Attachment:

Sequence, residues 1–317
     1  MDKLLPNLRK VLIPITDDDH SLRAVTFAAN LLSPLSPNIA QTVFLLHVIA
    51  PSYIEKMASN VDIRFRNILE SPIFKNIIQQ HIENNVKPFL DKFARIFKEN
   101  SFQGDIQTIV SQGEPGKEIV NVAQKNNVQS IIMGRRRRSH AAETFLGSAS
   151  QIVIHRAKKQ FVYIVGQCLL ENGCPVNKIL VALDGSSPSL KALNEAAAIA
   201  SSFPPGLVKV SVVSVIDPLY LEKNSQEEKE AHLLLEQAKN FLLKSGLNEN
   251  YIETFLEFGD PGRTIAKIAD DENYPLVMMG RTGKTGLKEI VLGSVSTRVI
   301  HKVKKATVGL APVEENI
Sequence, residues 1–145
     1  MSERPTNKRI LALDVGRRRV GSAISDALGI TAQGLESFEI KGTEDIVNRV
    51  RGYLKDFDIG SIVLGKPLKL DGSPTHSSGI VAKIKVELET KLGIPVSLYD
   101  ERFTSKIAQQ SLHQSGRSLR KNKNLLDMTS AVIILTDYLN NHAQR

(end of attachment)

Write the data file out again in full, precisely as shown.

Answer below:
Sequence, residues 1–317
     1  MDKLLPNLRK VLIPITDDDH SLRAVTFAAN LLSPLSPNIA QTVFLLHVIA
    51  PSYIEKMASN VDIRFRNILE SPIFKNIIQQ HIENNVKPFL DKFARIFKEN
   101  SFQGDIQTIV SQGEPGKEIV NVAQKNNVQS IIMGRRRRSH AAETFLGSAS
   151  QIVIHRAKKQ FVYIVGQCLL ENGCPVNKIL VALDGSSPSL KALNEAAAIA
   201  SSFPPGLVKV SVVSVIDPLY LEKNSQEEKE AHLLLEQAKN FLLKSGLNEN
   251  YIETFLEFGD PGRTIAKIAD DENYPLVMMG RTGKTGLKEI VLGSVSTRVI
   301  HKVKKATVGL APVEENI
Sequence, residues 1–145
     1  MSERPTNKRI LALDVGRRRV GSAISDALGI TAQGLESFEI KGTEDIVNRV
    51  RGYLKDFDIG SIVLGKPLKL DGSPTHSSGI VAKIKVELET KLGIPVSLYD
   101  ERFTSKIAQQ SLHQSGRSLR KNKNLLDMTS AVIILTDYLN NHAQR